Shared from the Wed 18 Jul, 2018 - Financial Review Digital Edition

Branches in city’s growth

Everywhere you look these days, there’s a new block of units. Huge skyscrapers spring from the earth across Australia with train-like regularity, each prepared to house hundreds of thousands of people during its lifespan. That’s the good news.

The bad news is that every time a building is erected, the environment suffers. Whenever humankind builds another structure, so plays out another move in the longest game of tug-of-war in history.

As big as you might imagine a building’s environmental footprint to be, it’s always bigger. There’s always something else to consider, from the impact on the surroundings at the site of the foundation to the materials used in the construction itself.

‘‘More than ever, people want to know about environmental impacts,’’ says thinkstep Australasia managing director Barbara Nebel.

‘‘The problem is that credible information has always been at a premium.’’

No matter the industry, there’s a tendency to look back on the ‘‘good old days’’, when things were just generally better. In the construction industry, there’s a mixed legacy: for every gorgeous colonial-era timber house, there’s an asbestos-laden housing commission site.

As consumers become aware of how dwellings affect their wellbeing, health and the environment, environmental practices and considerations have become more urgent in the built environment.

‘‘We can thank the timber industry for pushing for EPDs in Australia,’’ Nebel says.

Recent advancements such as the environmental product declaration (or EPD) system provide a clear vision of the environmental viability of using timber.

‘‘An EPD is a summary of a resource’s life-cycle assessment,’’ says Stephen Mitchell, chairman of the Australasian EPD Programme. For timber, that life cycle begins when it’s still a carbon dioxide-hungry tree.

‘‘Timber actually has a negative carbon footprint,’’ Mitchell says.

‘‘It spends a lifetime absorbing carbon dioxide, which offsets whatever carbon expenditure that accompanies its use in building.’’

The cold, hard facts provided by an EPD have given timber a shot in the arm. Long regarded as a solid resource for building, timber’s barebones qualities led to it being overlooked for decades.

Now, with its environmental benefits quantified and verified, timber is back.

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Above, Australian Timber Design Awards 2016, Abbotsleigh Multipurpose Assembly and Sports Hall by Allen Jack and Cottier; right, Australian Timber Design Awards 2015, B.E. Architecture.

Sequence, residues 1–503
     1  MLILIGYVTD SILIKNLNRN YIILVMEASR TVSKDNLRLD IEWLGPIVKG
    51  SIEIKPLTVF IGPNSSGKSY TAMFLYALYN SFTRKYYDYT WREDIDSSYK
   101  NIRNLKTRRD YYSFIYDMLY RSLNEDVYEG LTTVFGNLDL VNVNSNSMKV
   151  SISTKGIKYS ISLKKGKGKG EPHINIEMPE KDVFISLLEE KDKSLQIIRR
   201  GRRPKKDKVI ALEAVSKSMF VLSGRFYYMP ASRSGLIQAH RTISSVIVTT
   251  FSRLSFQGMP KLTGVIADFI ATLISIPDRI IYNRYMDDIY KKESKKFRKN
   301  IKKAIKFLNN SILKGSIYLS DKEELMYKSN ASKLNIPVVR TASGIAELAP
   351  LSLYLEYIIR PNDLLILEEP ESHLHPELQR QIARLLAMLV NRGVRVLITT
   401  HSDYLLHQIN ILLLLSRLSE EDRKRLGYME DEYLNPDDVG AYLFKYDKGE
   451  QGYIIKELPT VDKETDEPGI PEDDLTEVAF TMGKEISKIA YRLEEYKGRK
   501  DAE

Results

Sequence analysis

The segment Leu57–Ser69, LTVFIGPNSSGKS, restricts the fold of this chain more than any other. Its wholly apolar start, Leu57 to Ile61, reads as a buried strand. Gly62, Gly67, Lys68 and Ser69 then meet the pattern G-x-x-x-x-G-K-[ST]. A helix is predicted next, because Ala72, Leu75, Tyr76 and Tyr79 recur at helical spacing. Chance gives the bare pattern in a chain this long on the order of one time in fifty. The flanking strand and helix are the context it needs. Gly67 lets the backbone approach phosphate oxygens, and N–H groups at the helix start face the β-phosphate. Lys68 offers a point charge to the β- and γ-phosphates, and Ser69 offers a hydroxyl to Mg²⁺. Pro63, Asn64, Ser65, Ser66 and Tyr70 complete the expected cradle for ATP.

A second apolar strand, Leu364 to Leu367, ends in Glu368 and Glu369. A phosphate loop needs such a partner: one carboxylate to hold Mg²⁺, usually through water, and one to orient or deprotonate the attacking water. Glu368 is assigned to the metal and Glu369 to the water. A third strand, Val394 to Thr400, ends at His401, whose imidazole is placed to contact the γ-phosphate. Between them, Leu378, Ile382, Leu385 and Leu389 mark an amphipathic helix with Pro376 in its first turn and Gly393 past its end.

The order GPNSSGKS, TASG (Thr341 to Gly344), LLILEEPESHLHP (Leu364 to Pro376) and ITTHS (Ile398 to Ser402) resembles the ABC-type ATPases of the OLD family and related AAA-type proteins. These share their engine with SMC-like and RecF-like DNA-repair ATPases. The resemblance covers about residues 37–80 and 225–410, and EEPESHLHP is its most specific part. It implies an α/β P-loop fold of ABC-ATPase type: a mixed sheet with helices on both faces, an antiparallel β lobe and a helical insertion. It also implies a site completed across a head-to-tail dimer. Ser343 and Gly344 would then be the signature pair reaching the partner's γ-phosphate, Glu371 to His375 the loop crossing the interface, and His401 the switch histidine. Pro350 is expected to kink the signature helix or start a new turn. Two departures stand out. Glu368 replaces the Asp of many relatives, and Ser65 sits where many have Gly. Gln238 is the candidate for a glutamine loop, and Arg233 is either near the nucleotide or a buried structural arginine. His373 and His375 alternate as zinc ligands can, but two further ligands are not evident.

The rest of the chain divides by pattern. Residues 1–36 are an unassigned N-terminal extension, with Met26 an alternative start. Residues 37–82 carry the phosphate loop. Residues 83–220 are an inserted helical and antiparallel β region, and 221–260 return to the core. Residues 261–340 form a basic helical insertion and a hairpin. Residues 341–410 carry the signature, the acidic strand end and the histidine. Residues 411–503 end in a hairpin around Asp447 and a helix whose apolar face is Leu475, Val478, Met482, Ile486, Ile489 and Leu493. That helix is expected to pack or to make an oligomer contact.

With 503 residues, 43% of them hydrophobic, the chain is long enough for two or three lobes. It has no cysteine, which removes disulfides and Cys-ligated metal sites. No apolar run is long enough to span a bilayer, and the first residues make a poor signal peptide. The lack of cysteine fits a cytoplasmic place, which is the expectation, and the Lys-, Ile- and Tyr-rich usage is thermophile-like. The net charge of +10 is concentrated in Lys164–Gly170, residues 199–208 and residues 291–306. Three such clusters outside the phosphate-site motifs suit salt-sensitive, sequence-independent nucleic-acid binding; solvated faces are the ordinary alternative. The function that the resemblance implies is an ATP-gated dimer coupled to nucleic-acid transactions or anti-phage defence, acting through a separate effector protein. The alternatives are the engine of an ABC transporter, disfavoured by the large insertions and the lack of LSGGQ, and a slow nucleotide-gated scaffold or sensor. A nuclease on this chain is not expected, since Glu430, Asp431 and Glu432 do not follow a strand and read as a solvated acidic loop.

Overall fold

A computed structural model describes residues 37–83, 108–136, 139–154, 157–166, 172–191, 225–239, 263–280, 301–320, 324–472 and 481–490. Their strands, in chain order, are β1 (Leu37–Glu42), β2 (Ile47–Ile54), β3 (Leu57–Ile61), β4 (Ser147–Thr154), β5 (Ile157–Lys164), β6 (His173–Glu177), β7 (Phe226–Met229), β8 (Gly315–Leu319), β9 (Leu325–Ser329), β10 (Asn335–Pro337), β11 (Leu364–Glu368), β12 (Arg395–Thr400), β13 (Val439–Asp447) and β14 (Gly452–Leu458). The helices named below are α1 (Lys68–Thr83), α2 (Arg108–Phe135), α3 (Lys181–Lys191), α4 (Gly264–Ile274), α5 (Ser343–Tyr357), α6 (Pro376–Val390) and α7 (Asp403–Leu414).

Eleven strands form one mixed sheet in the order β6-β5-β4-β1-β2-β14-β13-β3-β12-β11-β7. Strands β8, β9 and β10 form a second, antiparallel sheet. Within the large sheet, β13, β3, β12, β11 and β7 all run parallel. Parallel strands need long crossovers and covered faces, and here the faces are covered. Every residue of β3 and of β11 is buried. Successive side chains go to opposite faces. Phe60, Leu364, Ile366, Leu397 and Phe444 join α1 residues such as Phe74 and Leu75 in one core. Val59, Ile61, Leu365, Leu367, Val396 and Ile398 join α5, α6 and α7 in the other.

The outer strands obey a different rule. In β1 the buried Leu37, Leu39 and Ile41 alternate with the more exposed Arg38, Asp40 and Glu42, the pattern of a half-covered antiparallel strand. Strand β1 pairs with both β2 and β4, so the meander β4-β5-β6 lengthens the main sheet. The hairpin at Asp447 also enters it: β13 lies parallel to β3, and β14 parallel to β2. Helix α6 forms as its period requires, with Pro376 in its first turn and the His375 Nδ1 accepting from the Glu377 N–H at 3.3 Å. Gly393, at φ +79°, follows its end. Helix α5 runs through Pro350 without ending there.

PHOTOS: TYRONE BRANIGAN/MELANY WIMPEE

‘‘For a long time, timber was only seen as a prefabricated solution for low-rise residential projects, with no further application,’’ says Paolo Lavisci, program development manager mid-rise construction at WoodSolutions. Timber is durable and it is one fifth the weight of a concrete structure,’’ Lavisci says. ‘‘That makes it ideal for building on weak soil or as an extension of existing buildings.’’

Traditionally a fixture of small and medium scale construction, timber’s renewed versatility has recently been put to the test in larger scale projects.

In 2012, LendLease built Forte, a 10-storey apartment building made from cross-laminated timber, in Melbourne’s Docklands precinct.

‘‘Forte, in particular, was something of a challenge,’’ Lavisci says.

‘‘In Australia, nobody wanted to be a timber pioneer, but LendLease took on that challenge, and now, more will follow.’’

Already, Forte is no longer alone on the timber frontier. Brisbane will soon be home to 25 King, which when completed will be the world’s tallest engineered timber office building. London is home to the innovative timber unit blocks The Cube and Dalton Lane, and Vancouver boasts the 18-storey Tall Wood Residence skyscraper.

‘‘The problem for smaller builders was always that they wanted to see timber used at that higher level before they’d get on board,’’ Lavisci says.

‘‘Now these examples are popping up. It’s a good sign.’’

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With a boom in timber construction comes concerns about sustainability. How many forests have to disappear for one building to exist? According to Lavisci, none.

‘‘Australian softwood plantations are extremely efficient,’’ he says. ‘‘Logs grow at a rate of 30-40 metres squared every minute. Once engineered, that’s about 11-15 metres squared.’’

A project like Forte requires roughly 970 metres squared of engineered logs.

‘‘That takes the plantation about an hour and a half to grow.’’

Lavisci says timber also boasts a much smaller carbon footprint on the road: ‘‘Typically, for every truck delivery in a timber project, there are eight for concrete.’’

Once built, timber constructs enjoy a unique quality known as biophilic design. A hypothesis first popularised by Edward Wilson argued that humans tend to seek connections with nature. In the last 35 years, biophilic design choices such as natural light, plants, and water features have been incorporated into construction projects.

Timber buildings are the natural extension of that philosophy, Lavisci says.

‘‘Natural qualities of timber – biodegradable, robust, durable – mean that it has stood the test of time.

‘‘Some existing timber projects are 1000 years old. It’s here to stay,’’ he says.

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